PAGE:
An online petition has been launched against the development of an office on Manchester’s Great Northern Square, after an indicative design by architect Will Alsop emerged causing a backlash from local residents.
The petition, which was created by former English Cities Fund chief executive and resident of Great Northern Tower, Lesley Chalmers, has attracted almost 200 signatures.
Plans for an 85,000 sq ft office on Peter Street are included within a draft regeneration framework for the 11-acre Great Northern Warehouse site, produced last year by owner Tobermory Sarl, a subsidiary of Hong Kong-based Peterson Group.
According to a statement from Tobermory, Alsop’s image, which shows a building on stilts with a canopy stretching across to the warehouse leaving the square in shadow, was produced as part of a design competition held for the project in 2014.
Tobermory said: “The image is one of several conceptual designs submitted during an architectural competition we held in 2014, in which a number of different architecture practices took part. We have not made a decision on any building design and will not start the detailed design process until the Strategic Regeneration Framework has been agreed by Manchester City Council and we have consulted with stakeholders.”
One of the signatories on the petition appears to be Michael Ingall, chief executive of Allied London, developer behind nearby Spinningfields and St John’s, who called on the space to be “retained as public realm”. Ingall was not available to confirm to Place North West.
Manchester City Council endorsed the framework for the site in December, and is currently conducting a public consultation into the document, which has been extended from the end of April and now closes on 6 May.
Alsop’s practice ALL Design is advising on the masterplan and is bringing forward detailed designs for specific elements within the plan.
In an interview with Place North West in January, Alsop wouldn’t give details on his design for the office, but described plans to “open up the eye-line from across Peter Street, and create a high-level building with views through it on ground level.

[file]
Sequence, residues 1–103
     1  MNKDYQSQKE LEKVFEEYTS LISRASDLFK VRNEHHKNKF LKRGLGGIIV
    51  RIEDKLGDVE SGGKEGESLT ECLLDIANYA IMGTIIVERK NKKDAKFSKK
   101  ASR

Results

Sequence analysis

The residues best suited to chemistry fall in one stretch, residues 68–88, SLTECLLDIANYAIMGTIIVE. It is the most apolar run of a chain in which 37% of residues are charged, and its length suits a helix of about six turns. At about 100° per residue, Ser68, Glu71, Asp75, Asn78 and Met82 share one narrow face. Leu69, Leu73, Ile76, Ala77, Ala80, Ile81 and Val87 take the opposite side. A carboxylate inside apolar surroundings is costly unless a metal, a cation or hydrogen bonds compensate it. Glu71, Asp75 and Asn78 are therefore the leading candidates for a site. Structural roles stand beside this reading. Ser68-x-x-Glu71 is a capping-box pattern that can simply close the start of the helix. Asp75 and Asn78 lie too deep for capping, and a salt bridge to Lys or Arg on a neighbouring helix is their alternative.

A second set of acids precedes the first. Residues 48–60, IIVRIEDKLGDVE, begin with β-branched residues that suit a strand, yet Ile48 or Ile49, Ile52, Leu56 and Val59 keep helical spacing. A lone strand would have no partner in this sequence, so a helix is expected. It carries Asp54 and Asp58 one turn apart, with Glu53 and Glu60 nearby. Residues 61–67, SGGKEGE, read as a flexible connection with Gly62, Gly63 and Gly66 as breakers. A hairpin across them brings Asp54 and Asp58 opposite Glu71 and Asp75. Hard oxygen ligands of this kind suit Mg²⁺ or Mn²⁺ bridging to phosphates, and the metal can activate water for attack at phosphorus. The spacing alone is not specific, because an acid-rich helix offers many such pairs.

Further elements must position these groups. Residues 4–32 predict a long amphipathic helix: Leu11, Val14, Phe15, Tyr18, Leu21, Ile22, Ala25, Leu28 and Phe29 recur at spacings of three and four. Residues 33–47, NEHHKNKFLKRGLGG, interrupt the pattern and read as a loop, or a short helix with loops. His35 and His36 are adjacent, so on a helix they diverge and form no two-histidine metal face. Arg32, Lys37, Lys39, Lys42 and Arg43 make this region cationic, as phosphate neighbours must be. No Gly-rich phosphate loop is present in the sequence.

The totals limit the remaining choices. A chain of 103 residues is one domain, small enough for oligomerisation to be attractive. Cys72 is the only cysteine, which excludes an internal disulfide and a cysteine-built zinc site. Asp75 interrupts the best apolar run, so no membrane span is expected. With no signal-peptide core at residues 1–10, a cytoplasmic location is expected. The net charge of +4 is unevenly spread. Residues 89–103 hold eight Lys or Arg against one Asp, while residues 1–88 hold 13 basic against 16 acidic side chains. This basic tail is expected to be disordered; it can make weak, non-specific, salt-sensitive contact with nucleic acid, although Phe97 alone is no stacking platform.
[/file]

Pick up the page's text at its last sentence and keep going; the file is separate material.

He said: “I’d also like a retractable roof over the square from Great Northern and the new office to allow for a rigorous performance and event programme.”
According to the masterplan, the redevelopment of Great Northern could include 265,000 sq ft of retail, restaurant and leisure, 400,000 sq ft of apartments, and a 200,000 sq ft high-rise tower.
So far, the consultation on the document has led to objections from residents and local stakeholders over the loss of views, the removal of city centre public realm, and what they feel is a confusing and misleading consultation process.
In a comment to Place North West, Chalmers said: “We only have this one opportunity to influence this given the way the system works – if these proposals are approved, from then on we’d just be discussing where the deckchairs go on the Titanic.
“The petition simple and straightforward and focused on disagreeing with the commercial development and diminishment of the public space – it asks the Council to stand up to the developers and say no.
“City centre public space is for everyone who visits the city, not just the people living next door to it.”
- To take part in the consultation on the strategic regeneration framework for Great Northern visit: http://www.manchester.gov.uk/info/500113/city_centre_regeneration/7180/great_northern_srf
- To view the petition on Change.org visit: https://www.change.org/p/citycentre-manchester-gov-uk-no-building-on-the-great-northern-square-public-open-space?recruiter=88593398